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BS: Racial stereotypes in retellings?

GUEST,999 28 Oct 11 - 10:05 AM
MorwenEdhelwen1 28 Oct 11 - 06:24 PM
MorwenEdhelwen1 28 Oct 11 - 06:47 PM
MorwenEdhelwen1 28 Oct 11 - 07:16 PM
MorwenEdhelwen1 28 Oct 11 - 07:17 PM
MorwenEdhelwen1 28 Oct 11 - 07:19 PM
MorwenEdhelwen1 28 Oct 11 - 10:39 PM
MorwenEdhelwen1 28 Oct 11 - 11:00 PM
GUEST,999 28 Oct 11 - 11:06 PM
MorwenEdhelwen1 28 Oct 11 - 11:11 PM
GUEST,999 28 Oct 11 - 11:14 PM
MorwenEdhelwen1 28 Oct 11 - 11:17 PM
MGM·Lion 28 Oct 11 - 11:25 PM
MorwenEdhelwen1 29 Oct 11 - 01:10 AM
MorwenEdhelwen1 29 Oct 11 - 01:52 AM
MorwenEdhelwen1 29 Oct 11 - 05:56 AM
MorwenEdhelwen1 29 Oct 11 - 09:37 PM
MorwenEdhelwen1 29 Oct 11 - 10:54 PM
MorwenEdhelwen1 30 Oct 11 - 01:53 AM
MGM·Lion 30 Oct 11 - 02:41 AM
MorwenEdhelwen1 30 Oct 11 - 04:02 AM
MGM·Lion 30 Oct 11 - 04:11 AM
GUEST,999 30 Oct 11 - 04:32 AM
MorwenEdhelwen1 30 Oct 11 - 05:10 AM
GUEST,999 30 Oct 11 - 06:04 AM
McGrath of Harlow 30 Oct 11 - 09:20 AM
MorwenEdhelwen1 30 Oct 11 - 05:38 PM
MorwenEdhelwen1 30 Oct 11 - 09:56 PM
GUEST,999 30 Oct 11 - 10:07 PM
MorwenEdhelwen1 31 Oct 11 - 02:24 AM
McGrath of Harlow 31 Oct 11 - 08:16 AM
MorwenEdhelwen1 31 Oct 11 - 10:28 PM
MorwenEdhelwen1 01 Nov 11 - 04:49 AM
MorwenEdhelwen1 01 Nov 11 - 09:33 PM
MorwenEdhelwen1 02 Nov 11 - 06:39 AM
MorwenEdhelwen1 02 Nov 11 - 09:26 PM
MorwenEdhelwen1 03 Nov 11 - 04:12 AM
MorwenEdhelwen1 03 Nov 11 - 04:27 AM
McGrath of Harlow 03 Nov 11 - 07:46 AM
MorwenEdhelwen1 03 Nov 11 - 08:10 AM
McGrath of Harlow 03 Nov 11 - 04:47 PM
MorwenEdhelwen1 03 Nov 11 - 04:49 PM
MorwenEdhelwen1 03 Nov 11 - 05:22 PM
MorwenEdhelwen1 03 Nov 11 - 05:47 PM
MorwenEdhelwen1 03 Nov 11 - 05:50 PM
GUEST,999 03 Nov 11 - 05:56 PM
MorwenEdhelwen1 03 Nov 11 - 06:18 PM
MorwenEdhelwen1 03 Nov 11 - 07:01 PM
MorwenEdhelwen1 03 Nov 11 - 07:09 PM
GUEST 03 Nov 11 - 07:19 PM

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Subject: RE: BS: Racial stereotypes in retellings?
From: GUEST,999
Date: 28 Oct 11 - 10:05 AM

ME1: Michael (MtheGM) has much depth in matters folk. He's an accomplished writer and researcher, as a btw.

I'm curious as to where you 'see' the story going. Whatever the end tale, it will likely have to be informed by social histories of the time in which you set the tale and histories of the times in 'flashbacks' or glimpses into the past. Do you have ideas along those lines as yet?


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Subject: RE: BS: Racial stereotypes in retellings?
From: MorwenEdhelwen1
Date: 28 Oct 11 - 06:24 PM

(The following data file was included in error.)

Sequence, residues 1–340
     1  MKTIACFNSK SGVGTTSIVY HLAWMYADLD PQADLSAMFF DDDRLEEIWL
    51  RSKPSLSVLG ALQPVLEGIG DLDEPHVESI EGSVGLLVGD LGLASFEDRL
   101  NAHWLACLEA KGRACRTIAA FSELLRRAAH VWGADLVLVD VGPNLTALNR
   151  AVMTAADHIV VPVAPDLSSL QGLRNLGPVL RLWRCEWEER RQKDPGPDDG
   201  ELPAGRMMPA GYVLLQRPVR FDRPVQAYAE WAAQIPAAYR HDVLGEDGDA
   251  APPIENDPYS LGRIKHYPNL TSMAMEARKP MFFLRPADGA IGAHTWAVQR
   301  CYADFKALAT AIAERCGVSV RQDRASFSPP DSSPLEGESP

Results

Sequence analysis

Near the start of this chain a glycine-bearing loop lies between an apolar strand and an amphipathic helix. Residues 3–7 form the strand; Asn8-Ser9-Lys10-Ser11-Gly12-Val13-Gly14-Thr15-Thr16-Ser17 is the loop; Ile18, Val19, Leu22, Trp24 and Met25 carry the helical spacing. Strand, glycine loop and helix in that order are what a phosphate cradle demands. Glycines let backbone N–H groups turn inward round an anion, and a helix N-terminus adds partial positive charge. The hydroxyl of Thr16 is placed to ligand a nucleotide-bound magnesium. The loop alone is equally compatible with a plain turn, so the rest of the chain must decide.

Refresh. Well, Bruce I don't know what you mean- can you clarify it?


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Subject: RE: BS: Racial stereotypes in retellings?
From: MorwenEdhelwen1
Date: 28 Oct 11 - 06:47 PM

And btw I made another post (in response to MtheGM's suggestion of VDL as a generic name for Australia) on the fact that I've only ever heard of Van Diemen's Land as meaning Tasmania. But I don't know if MtheGM caught that.


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Subject: RE: BS: Racial stereotypes in retellings?
From: MorwenEdhelwen1
Date: 28 Oct 11 - 07:16 PM

BTW, can you clarify the last sentence of your post? As to where I see the story going... well it's steampunk, science fiction/fantasy with Victorian era elements. It's a very loose reworking of Oliver Twist In the Victorian era/19th century, as many fences were kidsmen and baby-farming wa a common method of caring for an unwanted child, and resulted in notorious murders,(although there is no record of this), a fence/kidsman and a baby farmer could team up together to care for street children and train them as petty criminals- after all, it was very unlikely that the children's parents would be able to trace them, if I'm not wrong .


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Subject: RE: BS: Racial stereotypes in retellings?
From: MorwenEdhelwen1
Date: 28 Oct 11 - 07:17 PM

EDIT: "and"


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Subject: RE: BS: Racial stereotypes in retellings?
From: MorwenEdhelwen1
Date: 28 Oct 11 - 07:19 PM

"was"


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Subject: RE: BS: Racial stereotypes in retellings?
From: MorwenEdhelwen1
Date: 28 Oct 11 - 10:39 PM

Refresh


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Subject: RE: BS: Racial stereotypes in retellings?
From: MorwenEdhelwen1
Date: 28 Oct 11 - 11:00 PM

Btw, are you still interested in getting the play text?


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Subject: RE: BS: Racial stereotypes in retellings?
From: GUEST,999
Date: 28 Oct 11 - 11:06 PM

Does a chicken have lips?


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Subject: RE: BS: Racial stereotypes in retellings?
From: MorwenEdhelwen1
Date: 28 Oct 11 - 11:11 PM

I'll take that as a no, unless that's a trick question.


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Subject: RE: BS: Racial stereotypes in retellings?
From: GUEST,999
Date: 28 Oct 11 - 11:14 PM

It was a joke. Canadian by nature. YES!